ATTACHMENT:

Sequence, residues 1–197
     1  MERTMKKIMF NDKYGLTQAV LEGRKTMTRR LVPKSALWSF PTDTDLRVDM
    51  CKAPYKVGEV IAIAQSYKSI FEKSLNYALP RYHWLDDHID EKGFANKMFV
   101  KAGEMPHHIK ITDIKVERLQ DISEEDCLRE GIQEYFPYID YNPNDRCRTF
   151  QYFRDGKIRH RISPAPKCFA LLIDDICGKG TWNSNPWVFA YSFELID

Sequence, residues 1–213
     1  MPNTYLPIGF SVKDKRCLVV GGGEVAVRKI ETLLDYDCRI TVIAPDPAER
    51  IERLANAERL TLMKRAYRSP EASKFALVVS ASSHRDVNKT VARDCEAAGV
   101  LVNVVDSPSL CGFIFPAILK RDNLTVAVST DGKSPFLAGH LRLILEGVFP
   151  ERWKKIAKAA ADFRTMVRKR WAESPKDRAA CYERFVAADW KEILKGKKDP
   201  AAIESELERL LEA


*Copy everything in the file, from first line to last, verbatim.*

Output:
Sequence, residues 1–197
     1  MERTMKKIMF NDKYGLTQAV LEGRKTMTRR LVPKSALWSF PTDTDLRVDM
    51  CKAPYKVGEV IAIAQSYKSI FEKSLNYALP RYHWLDDHID EKGFANKMFV
   101  KAGEMPHHIK ITDIKVERLQ DISEEDCLRE GIQEYFPYID YNPNDRCRTF
   151  QYFRDGKIRH RISPAPKCFA LLIDDICGKG TWNSNPWVFA YSFELID

Sequence, residues 1–213
     1  MPNTYLPIGF SVKDKRCLVV GGGEVAVRKI ETLLDYDCRI TVIAPDPAER
    51  IERLANAERL TLMKRAYRSP EASKFALVVS ASSHRDVNKT VARDCEAAGV
   101  LVNVVDSPSL CGFIFPAILK RDNLTVAVST DGKSPFLAGH LRLILEGVFP
   151  ERWKKIAKAA ADFRTMVRKR WAESPKDRAA CYERFVAADW KEILKGKKDP
   201  AAIESELERL LEA